Doesn't seem like we got much accomplished this week, but it took all week to do it. We got the headlamp assemblies, 2 way radio, drill monitor, and GPS in Baby this week.  I ordered HID bulbs for it, but they are back-ordered until about the 10th.

I guess Spring is getting close, we finally washed last fall's mud off the combine, put it in storage and brought the planter home.  That was after putting new front tires on the combine.  I've sweat the last couple years, watching a crack in the side wall of one tire go round.  On bottom it would get bigger, on top it would close, get bigger, close.  We had worn the size and name off the sidewalls from rubbing against stubble.  BEI had a promo, plus a projected 8% price increase, so we took a deep breath and put a pair of Michelin Megaxbib's on it
They cost a bit more than Firestones, but I think (hope) over the life of the tire they will pay.  I fully expect to take these off the combine and put on a new one when we trade it in a few years.  I gave more for these tires than all but one of the pickup trucks I have ever purchased... and that one truck was close.

We're talking about trying starter fertilizer again.  I don't want to mess with it, and the return is not consistent, but when it does work it pays for the years it didn't and then some. We still haven't decided yet.  And if we use starter we can use Capture insecticide with it and cost about half what we are spending on Warrior.  I worry more about wireworms than I do rootworms and capture will do more for that cheaper than anything else.  We went to a meeting about it this week.  After listening to everyone's pitch I said "You know, if I do everything you guys tell me I'll get 10 bushels more from this and 6 from that and 11 from something else ... I'm going to have to buy another truck!"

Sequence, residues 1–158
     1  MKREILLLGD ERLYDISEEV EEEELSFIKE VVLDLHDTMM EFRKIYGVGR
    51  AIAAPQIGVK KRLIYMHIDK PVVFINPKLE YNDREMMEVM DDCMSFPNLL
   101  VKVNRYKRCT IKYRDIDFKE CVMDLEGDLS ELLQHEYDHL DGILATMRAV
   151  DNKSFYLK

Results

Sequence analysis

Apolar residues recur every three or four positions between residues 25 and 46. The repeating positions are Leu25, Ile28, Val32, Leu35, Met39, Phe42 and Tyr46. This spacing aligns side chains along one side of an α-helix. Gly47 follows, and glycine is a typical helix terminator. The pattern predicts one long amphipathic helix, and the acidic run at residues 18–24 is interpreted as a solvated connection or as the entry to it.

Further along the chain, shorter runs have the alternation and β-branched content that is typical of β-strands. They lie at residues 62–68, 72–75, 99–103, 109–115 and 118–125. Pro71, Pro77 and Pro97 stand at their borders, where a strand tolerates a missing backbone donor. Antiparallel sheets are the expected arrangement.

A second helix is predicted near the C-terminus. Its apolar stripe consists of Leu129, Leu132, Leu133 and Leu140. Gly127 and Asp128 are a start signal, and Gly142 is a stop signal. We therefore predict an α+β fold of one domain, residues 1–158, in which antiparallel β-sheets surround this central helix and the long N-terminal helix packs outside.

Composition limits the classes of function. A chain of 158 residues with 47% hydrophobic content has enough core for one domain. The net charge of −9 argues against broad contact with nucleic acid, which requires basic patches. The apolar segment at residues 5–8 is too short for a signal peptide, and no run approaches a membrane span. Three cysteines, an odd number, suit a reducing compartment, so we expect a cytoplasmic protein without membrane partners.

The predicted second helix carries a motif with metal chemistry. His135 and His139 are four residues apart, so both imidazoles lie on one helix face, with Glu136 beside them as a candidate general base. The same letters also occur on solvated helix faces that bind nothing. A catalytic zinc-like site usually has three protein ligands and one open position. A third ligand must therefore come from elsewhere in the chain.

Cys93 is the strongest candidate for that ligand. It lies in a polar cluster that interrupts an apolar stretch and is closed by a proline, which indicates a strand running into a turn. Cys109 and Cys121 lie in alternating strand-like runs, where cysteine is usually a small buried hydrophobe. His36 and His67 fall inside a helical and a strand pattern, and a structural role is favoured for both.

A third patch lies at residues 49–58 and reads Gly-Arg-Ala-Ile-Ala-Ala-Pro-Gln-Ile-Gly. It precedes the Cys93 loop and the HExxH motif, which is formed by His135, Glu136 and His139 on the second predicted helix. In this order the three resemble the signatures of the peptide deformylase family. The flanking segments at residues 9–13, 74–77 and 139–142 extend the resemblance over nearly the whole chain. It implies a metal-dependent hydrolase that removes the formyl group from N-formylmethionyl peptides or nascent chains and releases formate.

Speaking of trucks, we removed the seats and pulled the carpet out of the KW.  It was beyond cleaning.  I don't know what replacement carpet through Kenworth is other than the parts guy said "Oh that's kind of expensive".  We didn't have any success finding any aftermarket.  We got to pondering on it, went to Big R and bought a bed liner for a Ford shortbed.  Aman cut it to match the removed carpet and put it in the cab.  If a guy were going over the road it would not be acceptable, but for our use it will work better than carpet.

Well, if the pile on my desk gets any higher I won't be able to see the screen.  Time to shuffle some papers.